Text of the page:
What About the Children of Believers?
In light of the above considerations, how should we view the baptism of infants? What is the basic question at issue here? I believe it is this: when a father and mother are drawn out of the world, come to faith in Christ and are taken into the fellowship of the Church, what happens to their children? That is the crucial question. It is only in this context that we can rightly discuss infant baptism. We need to answer the question: should the children of believers stay behind in the world or should they also be assigned a place in the Church of the Lord? Are there only adults in the Church of God and are children excluded? These are important questions, don't you think? Becoming a Christian is like moving from one place to another. When parents come to faith they move out of the world of paganism and darkness into the City of Light. But what about their little ones? Should they be left behind in the world?

Throughout the ages the Church has emphatically said: parents, when you believe in Christ and come to us and desire to live with us under His wings, you may bring your children with you. They don't have to stay behind in the world. Like you, they are incorporated into the congregation of the Lord and come with you under His gracious dominion. Why then would we keep the sacrament of baptism from our children? Do they not rightfully belong to the Lord, just as we, their parents, do? Those who reject infant baptism attack the basic structure of the congregation of the Lord!

Is all this in accordance with what Scripture teaches? We firmly believe it is. The Bible nowhere views parents as individual and distinct persons, but always as parents in whom their children are included. There is an inseparable oneness between parents and children in Scripture. If the parents are branches in the Vine, their children are seen as offshoots (tiny plants: cf. Psalm 128:3). True, many people today no longer experience this union as in Bible times, but we trust that among Christians this closeness between parents and children is still very real. Are our children not our very own flesh and blood? And do we not experience the loss of a child as the tearing away of a part of our own life?

It should not surprise us therefore, that the Lord always deals with families. Certainly, He is concerned with individuals too, but not in isolation. Israel is the people of the Lord, not an collection of individuals who stand like bowling pins next to each other. It is a people organically grown out of families with children. Thus we read that in the Old Testament not only adults, but children as well, were circumcised (Gen.17). The New Testament tells us that entire households were baptized. When Zacchaeus is converted, Jesus says, "this day is salvation come to this house" (Lk.19:9). When Lydia comes to faith she is baptized along with her house (Acts 16:15). Paul also baptized the household of Stephanas (I Cor.1:16).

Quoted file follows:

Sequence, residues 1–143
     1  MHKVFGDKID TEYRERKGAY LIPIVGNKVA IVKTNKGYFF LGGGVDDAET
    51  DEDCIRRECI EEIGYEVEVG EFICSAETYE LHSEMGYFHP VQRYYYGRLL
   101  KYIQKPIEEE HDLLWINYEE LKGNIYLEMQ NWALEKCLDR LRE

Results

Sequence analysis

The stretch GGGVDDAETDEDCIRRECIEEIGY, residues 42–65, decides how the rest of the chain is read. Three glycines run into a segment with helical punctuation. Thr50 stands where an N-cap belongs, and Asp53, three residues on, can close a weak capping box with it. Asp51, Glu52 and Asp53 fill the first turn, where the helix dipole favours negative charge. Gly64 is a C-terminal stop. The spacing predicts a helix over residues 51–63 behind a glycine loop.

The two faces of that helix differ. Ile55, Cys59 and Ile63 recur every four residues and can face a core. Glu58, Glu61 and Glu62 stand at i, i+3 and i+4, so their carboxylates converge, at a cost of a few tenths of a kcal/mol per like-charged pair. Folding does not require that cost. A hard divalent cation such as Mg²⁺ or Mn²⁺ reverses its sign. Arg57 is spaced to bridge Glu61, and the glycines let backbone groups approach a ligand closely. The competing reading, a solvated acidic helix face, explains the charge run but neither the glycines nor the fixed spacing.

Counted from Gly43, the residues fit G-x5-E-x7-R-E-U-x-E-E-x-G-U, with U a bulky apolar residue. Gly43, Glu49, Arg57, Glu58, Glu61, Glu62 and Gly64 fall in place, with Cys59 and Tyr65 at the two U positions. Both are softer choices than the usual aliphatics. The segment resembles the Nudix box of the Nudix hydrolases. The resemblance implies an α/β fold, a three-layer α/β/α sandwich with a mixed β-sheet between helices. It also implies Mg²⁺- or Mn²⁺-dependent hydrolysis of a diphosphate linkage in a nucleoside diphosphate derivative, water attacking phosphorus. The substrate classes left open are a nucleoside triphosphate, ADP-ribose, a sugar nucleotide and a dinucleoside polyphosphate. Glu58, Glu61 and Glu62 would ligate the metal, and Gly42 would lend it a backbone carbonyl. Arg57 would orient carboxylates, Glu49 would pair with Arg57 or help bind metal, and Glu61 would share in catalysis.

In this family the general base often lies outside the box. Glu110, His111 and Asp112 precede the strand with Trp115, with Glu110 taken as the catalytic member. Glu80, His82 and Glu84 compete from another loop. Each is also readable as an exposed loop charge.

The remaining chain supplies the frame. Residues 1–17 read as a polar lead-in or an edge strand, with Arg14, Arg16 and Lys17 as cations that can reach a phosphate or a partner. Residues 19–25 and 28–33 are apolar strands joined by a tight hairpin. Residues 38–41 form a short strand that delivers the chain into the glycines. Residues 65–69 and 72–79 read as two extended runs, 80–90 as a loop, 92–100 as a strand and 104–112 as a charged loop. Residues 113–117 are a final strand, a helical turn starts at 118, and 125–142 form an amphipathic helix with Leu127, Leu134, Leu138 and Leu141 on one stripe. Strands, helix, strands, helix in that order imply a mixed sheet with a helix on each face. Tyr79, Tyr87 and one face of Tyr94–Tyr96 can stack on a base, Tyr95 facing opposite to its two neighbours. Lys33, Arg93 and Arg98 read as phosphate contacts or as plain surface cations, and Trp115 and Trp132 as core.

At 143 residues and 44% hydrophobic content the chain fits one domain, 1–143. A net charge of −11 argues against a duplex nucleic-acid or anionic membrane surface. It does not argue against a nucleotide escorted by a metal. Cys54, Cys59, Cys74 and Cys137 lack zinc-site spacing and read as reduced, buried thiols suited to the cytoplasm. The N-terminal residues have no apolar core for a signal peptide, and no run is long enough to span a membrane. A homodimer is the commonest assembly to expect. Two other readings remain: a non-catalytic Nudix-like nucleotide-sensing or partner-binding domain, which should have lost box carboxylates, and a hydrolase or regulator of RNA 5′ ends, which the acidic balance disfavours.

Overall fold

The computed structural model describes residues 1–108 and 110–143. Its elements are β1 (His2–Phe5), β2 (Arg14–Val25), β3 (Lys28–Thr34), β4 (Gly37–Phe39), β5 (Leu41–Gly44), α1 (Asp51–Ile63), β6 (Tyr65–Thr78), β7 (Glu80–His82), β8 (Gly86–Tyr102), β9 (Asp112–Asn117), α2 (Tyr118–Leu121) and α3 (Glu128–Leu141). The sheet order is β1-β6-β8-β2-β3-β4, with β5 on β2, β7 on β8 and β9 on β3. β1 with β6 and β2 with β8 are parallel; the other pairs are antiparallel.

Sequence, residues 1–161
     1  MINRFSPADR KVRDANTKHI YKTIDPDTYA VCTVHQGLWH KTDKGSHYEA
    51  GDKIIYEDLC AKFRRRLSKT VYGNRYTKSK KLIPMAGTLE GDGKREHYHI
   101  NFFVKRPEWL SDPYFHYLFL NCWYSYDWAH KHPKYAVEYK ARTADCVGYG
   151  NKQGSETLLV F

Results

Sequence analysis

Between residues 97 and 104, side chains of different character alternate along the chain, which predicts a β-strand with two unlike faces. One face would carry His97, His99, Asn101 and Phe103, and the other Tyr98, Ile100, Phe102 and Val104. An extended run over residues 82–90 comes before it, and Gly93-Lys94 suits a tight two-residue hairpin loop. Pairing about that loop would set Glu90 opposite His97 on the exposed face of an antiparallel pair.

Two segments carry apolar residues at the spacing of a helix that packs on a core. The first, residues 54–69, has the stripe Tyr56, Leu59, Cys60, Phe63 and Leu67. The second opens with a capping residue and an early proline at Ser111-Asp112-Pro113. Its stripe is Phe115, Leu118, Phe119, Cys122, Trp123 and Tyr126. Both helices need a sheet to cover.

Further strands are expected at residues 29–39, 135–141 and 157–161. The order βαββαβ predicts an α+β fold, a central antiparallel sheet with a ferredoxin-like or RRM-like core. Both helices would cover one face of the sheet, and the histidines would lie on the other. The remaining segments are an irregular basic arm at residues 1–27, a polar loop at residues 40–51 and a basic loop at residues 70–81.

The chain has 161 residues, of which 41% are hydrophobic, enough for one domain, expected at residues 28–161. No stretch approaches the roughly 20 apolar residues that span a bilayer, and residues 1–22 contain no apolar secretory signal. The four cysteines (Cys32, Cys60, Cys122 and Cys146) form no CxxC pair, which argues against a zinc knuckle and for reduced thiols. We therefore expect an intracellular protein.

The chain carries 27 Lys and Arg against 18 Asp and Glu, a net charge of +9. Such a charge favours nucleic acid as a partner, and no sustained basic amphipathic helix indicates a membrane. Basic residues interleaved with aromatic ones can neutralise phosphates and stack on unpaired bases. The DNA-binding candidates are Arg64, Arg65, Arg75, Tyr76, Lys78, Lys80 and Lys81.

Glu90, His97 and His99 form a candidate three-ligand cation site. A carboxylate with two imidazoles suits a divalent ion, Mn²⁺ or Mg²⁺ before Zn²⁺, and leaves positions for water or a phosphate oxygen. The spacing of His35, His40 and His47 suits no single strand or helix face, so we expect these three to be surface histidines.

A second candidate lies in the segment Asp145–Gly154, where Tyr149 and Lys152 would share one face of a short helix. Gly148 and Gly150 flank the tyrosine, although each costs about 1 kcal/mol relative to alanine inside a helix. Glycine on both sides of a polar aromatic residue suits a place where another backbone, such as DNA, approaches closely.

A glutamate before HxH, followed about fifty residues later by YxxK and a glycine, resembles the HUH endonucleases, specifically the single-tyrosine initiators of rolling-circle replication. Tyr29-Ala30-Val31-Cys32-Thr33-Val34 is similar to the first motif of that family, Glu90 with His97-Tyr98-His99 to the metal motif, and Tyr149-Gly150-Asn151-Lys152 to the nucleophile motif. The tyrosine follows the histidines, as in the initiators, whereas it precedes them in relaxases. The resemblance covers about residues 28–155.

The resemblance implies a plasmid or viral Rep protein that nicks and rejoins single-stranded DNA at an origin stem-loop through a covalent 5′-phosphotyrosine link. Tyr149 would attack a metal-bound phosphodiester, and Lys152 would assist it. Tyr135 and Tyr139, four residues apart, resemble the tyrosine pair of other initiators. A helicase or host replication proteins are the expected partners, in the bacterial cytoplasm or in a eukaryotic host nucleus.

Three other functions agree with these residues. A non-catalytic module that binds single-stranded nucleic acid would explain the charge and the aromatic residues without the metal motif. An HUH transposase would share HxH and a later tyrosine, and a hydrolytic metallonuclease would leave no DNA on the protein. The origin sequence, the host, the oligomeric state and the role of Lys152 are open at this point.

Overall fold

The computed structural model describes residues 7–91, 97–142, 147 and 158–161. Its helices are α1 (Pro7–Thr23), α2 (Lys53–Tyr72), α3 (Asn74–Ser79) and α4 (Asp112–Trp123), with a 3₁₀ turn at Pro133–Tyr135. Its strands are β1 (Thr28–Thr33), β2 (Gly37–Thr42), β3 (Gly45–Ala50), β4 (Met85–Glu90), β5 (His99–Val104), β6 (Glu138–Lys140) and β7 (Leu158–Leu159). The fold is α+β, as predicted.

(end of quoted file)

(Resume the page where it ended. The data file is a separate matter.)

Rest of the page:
We don't need to be surprised at this. God deals with believers and their children. Parents don't leave their flesh and blood in the world when they come to Christ and enter His Church and Covenant. Therefore, children of believers may and must be baptized. This becomes very clear from I Corinthians 7:14, where Paul says that "the unbelieving husband is sanctified by the wife, and the unbelieving wife is sanctified by the husband: else were your children unclean; but now are they holy." Paul did not need to teach the Corinthians that the children of a believing husband or wife were holy; they knew that very well. But that an unbelieving husband or wife is sanctified by his or her spouse was not so clear to them, apparently. Also here we see that when the Lord brings one of the marriage partners to faith, He lays His hand upon the entire household, on the unbelieving man or woman and on the children. Of course, the unbelieving adult cannot be baptized if he withdraws himself from the congregation of the Lord in unbelief, but infants cannot do this (yet). They are included with the believing father or mother in the congregation and therefore ought to be baptized.

The New Testament is richer than the Old Testament. The sacrament does not point forward to a Saviour who is still to come, but it points back to Him Who has come and Who has shed His blood to cleanse us from our sins. The sacrament is no longer restricted to male members of the congregation, but reaches out to all the members of Christ's Church, whether male or female or children. If under the Old Testament covenant children were admitted to the sacrament of circumcision, would children of the New Covenant be excluded from its counterpart, baptism? We believe with the heart and confess with the mouth that the young children of believers ought to be baptized, for Christ shed His blood no less for the washing of the children of the faithful than for the adult persons (Confession of Faith, Art. 34).

By baptizing our little ones we honour the goodness of God. Again, picture this scene: here are Gentile parents coming out of the world to the Lord and they ask, Lord may we belong to Thee and Thy people? The answer is: yes! The Lord then confirms this divine yes by baptism, but the parents asks for more. They ask if they may also bring their children with them. They cannot be happy until their little ones also receive a place among the people of God. Again the answer is, yes! To strengthen their faith in this promise of God, their children also receive the sign and seal of His gracious covenant. What tremendous comfort this gives the parents! What a privilege this means for the children!